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8 Killers of Motivation — and Ultimately Killers of Momentum

Leaders need to remain motivated so they can help motivate their team. Leaders also need to be keenly aware of how motivated their team is at any given time.

I have found over the years that regardless of how motivated I am if the people around me are unmotivated, we aren’t going to be very successful as a team.

Which is why it may be even more important a leader learns recognize when a team is decreasing in motivation.

But, here’s the greater reason.

Momentum is often a product of motivation.

When a team loses motivation, momentum is certain to suffer loss. It’s far easier to motivate a team — in my opinion — than it is to build momentum in an organization.

So, as leaders, we must learn what destroys motivation.

Here are 8 killers of motivation and — ultimately — momentum:

Routine – When people have to repeat the same activity over and over again, in time they lose interest in it. This is especially true in a day where rapid change is all around them. Change needs to be a built-in part of the organization to keep people motivated and momentum moving forward.

Fear – When people are afraid, they often quit. They stop taking risks. They fail to give their best effort. They stop trying. Fear keeps a team from moving forward. Leaders can remove fear by welcoming mistakes, by lessening control, and by celebrating each step.

Success – A huge win or a period of success can lead to complacency. When the team feels they’ve “arrived” they may no longer feel the pressure to keep learning. Leaders who recognize this killer may want to provide new opportunities, change people’s job responsibilities, and introduce greater challenges or risks.

Lack of direction – People need to know where they are going and what a win looks like — especially according to the leader. When people are left to wonder, they lose motivation, do nothing or make up their own answers. Leaders should continually pause to make sure the team understands what they are being asked to do.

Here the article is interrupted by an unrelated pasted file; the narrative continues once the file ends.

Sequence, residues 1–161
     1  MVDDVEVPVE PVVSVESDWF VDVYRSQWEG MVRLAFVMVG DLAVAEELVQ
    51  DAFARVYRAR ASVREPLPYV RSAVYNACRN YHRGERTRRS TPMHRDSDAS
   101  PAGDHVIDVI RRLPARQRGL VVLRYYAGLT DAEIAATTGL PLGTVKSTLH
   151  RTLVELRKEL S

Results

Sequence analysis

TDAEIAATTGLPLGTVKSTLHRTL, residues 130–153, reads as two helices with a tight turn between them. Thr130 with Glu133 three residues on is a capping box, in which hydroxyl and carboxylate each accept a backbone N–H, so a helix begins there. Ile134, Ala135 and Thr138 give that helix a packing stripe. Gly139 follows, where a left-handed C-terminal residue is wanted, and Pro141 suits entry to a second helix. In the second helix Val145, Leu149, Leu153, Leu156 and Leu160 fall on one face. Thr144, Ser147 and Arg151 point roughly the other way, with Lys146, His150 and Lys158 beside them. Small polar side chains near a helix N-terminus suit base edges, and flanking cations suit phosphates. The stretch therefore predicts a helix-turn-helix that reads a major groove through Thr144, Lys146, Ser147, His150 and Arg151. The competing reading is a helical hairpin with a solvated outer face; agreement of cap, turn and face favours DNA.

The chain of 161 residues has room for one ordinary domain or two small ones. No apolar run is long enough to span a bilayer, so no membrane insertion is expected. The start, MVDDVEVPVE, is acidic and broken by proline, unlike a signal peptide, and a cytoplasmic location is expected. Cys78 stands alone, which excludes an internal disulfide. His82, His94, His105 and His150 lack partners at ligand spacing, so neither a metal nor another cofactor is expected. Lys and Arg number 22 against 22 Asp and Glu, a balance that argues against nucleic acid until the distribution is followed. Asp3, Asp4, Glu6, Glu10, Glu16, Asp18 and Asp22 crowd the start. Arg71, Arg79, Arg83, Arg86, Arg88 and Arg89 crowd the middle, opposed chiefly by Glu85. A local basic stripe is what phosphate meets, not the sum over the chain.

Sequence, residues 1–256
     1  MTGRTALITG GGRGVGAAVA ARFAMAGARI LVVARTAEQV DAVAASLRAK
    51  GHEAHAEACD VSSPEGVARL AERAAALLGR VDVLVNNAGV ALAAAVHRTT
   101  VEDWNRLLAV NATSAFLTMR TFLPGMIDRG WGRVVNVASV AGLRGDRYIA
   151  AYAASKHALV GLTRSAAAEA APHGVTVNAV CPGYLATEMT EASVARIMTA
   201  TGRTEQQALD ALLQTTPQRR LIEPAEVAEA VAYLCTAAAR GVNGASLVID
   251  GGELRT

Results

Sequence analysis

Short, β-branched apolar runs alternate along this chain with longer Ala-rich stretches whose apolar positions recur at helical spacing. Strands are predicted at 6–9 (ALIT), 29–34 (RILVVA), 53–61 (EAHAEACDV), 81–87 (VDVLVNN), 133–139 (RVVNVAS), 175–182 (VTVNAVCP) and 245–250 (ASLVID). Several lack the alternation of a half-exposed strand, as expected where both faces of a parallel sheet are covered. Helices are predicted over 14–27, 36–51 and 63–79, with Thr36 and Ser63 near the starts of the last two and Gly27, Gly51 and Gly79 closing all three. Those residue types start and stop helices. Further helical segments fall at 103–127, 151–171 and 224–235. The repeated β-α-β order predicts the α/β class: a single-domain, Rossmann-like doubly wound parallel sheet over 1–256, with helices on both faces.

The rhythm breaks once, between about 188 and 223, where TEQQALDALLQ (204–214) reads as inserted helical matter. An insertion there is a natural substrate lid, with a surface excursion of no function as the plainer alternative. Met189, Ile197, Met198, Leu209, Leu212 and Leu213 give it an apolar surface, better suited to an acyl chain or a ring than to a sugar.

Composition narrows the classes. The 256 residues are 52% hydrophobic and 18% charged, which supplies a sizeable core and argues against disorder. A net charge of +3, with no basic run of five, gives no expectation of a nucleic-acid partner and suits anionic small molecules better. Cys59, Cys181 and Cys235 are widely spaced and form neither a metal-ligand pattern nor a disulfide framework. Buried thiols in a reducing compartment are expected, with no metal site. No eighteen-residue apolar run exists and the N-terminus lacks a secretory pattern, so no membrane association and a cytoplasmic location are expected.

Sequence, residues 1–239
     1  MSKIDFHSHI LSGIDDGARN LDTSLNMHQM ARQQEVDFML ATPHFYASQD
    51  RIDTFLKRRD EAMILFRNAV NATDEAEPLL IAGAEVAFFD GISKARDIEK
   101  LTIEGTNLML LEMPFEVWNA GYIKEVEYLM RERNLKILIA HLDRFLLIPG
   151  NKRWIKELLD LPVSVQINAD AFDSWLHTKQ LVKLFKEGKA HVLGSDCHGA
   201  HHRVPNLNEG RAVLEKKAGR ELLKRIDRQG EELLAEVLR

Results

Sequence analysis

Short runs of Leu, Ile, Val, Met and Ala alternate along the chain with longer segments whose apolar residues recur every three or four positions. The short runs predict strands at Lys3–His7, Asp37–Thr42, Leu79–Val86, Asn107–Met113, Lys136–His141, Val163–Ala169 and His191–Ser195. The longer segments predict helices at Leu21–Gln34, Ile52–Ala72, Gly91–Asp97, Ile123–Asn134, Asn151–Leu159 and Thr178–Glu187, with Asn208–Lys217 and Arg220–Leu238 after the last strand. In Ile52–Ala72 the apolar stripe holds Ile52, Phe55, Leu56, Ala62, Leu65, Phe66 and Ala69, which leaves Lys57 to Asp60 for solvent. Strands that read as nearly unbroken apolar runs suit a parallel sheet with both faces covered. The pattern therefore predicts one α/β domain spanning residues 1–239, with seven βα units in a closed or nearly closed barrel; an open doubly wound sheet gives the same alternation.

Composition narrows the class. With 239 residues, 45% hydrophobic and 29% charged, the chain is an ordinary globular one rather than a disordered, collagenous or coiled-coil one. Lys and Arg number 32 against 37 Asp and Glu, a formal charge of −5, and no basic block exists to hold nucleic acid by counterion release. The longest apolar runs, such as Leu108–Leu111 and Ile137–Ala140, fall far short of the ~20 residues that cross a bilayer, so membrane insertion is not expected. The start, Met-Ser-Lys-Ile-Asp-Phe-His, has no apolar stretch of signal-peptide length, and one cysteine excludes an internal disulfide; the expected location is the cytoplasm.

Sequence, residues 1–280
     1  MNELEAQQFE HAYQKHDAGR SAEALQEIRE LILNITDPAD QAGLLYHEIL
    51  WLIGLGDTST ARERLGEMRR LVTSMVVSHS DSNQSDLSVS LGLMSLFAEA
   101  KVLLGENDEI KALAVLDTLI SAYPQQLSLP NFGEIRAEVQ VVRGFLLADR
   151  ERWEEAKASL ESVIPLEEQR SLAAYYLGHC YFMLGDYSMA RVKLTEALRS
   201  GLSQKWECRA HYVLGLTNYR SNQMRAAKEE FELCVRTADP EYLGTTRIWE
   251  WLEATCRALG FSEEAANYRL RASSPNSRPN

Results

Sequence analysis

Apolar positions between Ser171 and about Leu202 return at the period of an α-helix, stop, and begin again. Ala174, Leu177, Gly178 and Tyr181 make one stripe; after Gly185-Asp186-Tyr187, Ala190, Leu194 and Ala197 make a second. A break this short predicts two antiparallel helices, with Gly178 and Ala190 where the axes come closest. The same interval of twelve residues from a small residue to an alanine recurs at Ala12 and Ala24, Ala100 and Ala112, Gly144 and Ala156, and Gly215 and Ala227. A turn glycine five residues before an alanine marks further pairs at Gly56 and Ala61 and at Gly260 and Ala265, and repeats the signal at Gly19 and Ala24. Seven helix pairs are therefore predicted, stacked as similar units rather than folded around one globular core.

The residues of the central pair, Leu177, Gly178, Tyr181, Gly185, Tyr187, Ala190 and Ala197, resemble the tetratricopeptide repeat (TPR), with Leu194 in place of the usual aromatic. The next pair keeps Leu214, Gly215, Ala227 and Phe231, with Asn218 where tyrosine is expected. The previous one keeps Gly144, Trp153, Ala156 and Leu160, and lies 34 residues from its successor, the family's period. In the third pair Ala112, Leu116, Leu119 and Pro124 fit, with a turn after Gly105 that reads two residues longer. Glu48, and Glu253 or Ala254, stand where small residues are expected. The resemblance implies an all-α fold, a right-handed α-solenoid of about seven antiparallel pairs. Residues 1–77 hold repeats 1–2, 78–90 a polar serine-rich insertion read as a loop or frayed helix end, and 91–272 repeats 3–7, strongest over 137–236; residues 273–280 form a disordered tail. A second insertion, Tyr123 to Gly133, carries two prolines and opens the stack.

Failure– Some people can’t get past a failure and some leaders can’t accept failure as a part of building success. Failure should be used to build momentum. As one strives to recover, lessons are learned and people are made stronger and wiser, but if not viewed and addressed correctly, it leads to momentum stall.

Apathy – When a team loses their passion for the vision, be prepared to experience a decline in motivation — and eventually momentum. Leaders must consistently be casting vision. In a way, leaders become a cheerleader for the cause, encouraging others to continue a high level of enthusiasm for the vision.

Burnout – When a team or team member has no opportunity to rest, they soon lose their ability to maintain motivation. Momentum decline follows shortly behind. Good leaders learn when to push to excel and when to push to relax. This may be different for various team members, but everyone needs to pause occasionally to re-energize.

Feeling under-valued – When someone feels his or her contribution to the organization isn’t viewed as important, they lose the motivation to continually produce. Leaders must learn to be encouraging and appreciative of the people they lead.

If you see any of these at work in your organization, address them now!

The problem with all of these is that we often don’t recognize them when they are killing motivation. We fail to see them until momentum has begun to suffer. Many times this will be too late to fully recover — at least for all team members.

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Ron Edmondson